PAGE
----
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Year : 2015  |  Volume : 3  |  Issue : 2  |  Page : 67-73

Primary healthcare physicians' attitude and perceived barriers regarding minor surgeries

1 Qatif Primary Healthcare Centers, Public Health, Ministry of Health, Eastern Province, Dammam, Saudi Arabia
2 Department of Family and Community Medicine, College of Medicine, University of Dammam, Dammam, Saudi Arabia
3 Family Medicine Postgraduate Program, Public Health, Ministry of Health, Eastern Province, Saudi Arabia

Date of Web Publication30-Apr-2015

Correspondence Address:
Ali Wahab A Alfaraj
P.O. Box 261, Qatif 31911, Eastern Province
Saudi Arabia
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DOI: 10.4103/1658-600X.156111

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Objectives: To determine the importance of minor surgical procedures that could be done by physicians or general practitioners at Primary Healthcare Centers (PHCC) and to determine the important and major obstacles for physicians' inability to perform minor surgeries (MS) at PHCC.
Methodology: Data was collected through a self-administered questionnaire distributed to all primary healthcare physicians in 26 PHCC in Al-Qatif by the official mail of Al-Qatif PHCC Administration. Data was also collected by filling a checklist by the researcher. The data was analyzed using Statistical Package for Social Science.
Results: A total of 61, out of 70 physicians working in Al-Qatif PHCC, completed the self-administered questionnaire which yielded an overall response rate of 87%. 42 (68.6%) participants found themselves as competent to practice MS, and 19 (31.2%) found themselves as not competent to practice MS at PHCC. The highest mean for the degree of importance and confidence, when comparing both, was the insertion of sutures with a statistically significant P value (0.000). Coded surgical referral in all Al-Qatif PHCC over 1-year was 6,187 (25.4%) out of 24,369.
Conclusion: Most of the physicians in Al-Qatif PHCC are interested and feel competent in performing MS and they encourage establishing MS program in the PHCC. However, majority of the physicians in Al-Qatif PHCC are not confident in practicing most of the procedures listed in the survey, although they believe that these procedures are important in their practice.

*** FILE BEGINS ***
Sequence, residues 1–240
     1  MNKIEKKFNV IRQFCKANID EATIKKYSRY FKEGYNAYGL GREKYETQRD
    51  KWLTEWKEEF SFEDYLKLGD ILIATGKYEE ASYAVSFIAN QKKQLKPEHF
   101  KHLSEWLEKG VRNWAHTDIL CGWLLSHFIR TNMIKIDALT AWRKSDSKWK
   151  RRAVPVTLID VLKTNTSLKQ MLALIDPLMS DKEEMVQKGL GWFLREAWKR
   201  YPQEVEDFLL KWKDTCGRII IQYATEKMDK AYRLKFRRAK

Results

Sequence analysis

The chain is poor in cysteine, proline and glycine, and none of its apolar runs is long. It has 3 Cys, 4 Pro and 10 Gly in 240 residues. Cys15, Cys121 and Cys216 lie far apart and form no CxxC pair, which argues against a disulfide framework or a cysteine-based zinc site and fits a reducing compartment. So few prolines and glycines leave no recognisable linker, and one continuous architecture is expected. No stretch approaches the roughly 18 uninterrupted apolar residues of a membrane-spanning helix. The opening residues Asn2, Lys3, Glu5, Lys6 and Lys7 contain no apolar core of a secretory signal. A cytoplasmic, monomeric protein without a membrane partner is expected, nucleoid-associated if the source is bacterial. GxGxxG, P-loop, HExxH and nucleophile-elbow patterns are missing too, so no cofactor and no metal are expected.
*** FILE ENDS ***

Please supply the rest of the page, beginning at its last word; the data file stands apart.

Keywords: Ambulatory surgeries, day surgeries, minor surgeries, primary healthcare, primary minor surgeries

How to cite this article:
Alfaraj AA, Sebiany AM, Alharbi W. Primary healthcare physicians' attitude and perceived barriers regarding minor surgeries. J Health Spec 2015;3:67-73

How to cite this URL:
Alfaraj AA, Sebiany AM, Alharbi W. Primary healthcare physicians' attitude and perceived barriers regarding minor surgeries. J Health Spec [serial online] 2015 [cited 2021 Jan 24];3:67-73. Available from: https://www.thejhs.org/text.asp?2015/3/2/67/156111

  Introduction Top

Minor surgeries (MS) can be defined as short procedures which can be done under local anaesthesia, are minimally invasive and require the common characteristics in surgical techniques. [1]

Surgical illnesses which require MS intervention are very commonly encountered in family practice setting. In many situations this intervention could cure the problem and put an end to patients' suffering by evading long waiting list in the referral hospitals. This would also strengthen doctor-patient relationship and give the physician more professional self-satisfaction.

In Saudi Arabia, provisions for appropriate treatment of common injuries and MS at Primary Healthcare Centers (PHCC) is the seventh element of Primary Health Care (PHC), [2] and is considered an essential health service in primary healthcare reform project. [3] Therefore, MS is an integral part of general practice. [4],[5],[6]

Despite the fact that it has obvious benefits and is also well-recognized by health policy makers, since the establishment of PHC in the Kingdom of Saudi Arabia (KSA), evidence has revealed that MS procedures offered at PHCC in KSA are still in its infancy. [3]

Minor surgeries are highly recognized within primary care setting in different parts of the world. In UK, general practitioners (GP) performing MS has been welcomed by patients as they can receive treatment for their minor lesions promptly, in familiar surroundings, by a doctor they know well, with follow-up by nurses whom they already know. [6] The similar advantages have been reported worldwide including USA and Canada. [1],[7],[8],[9],[10]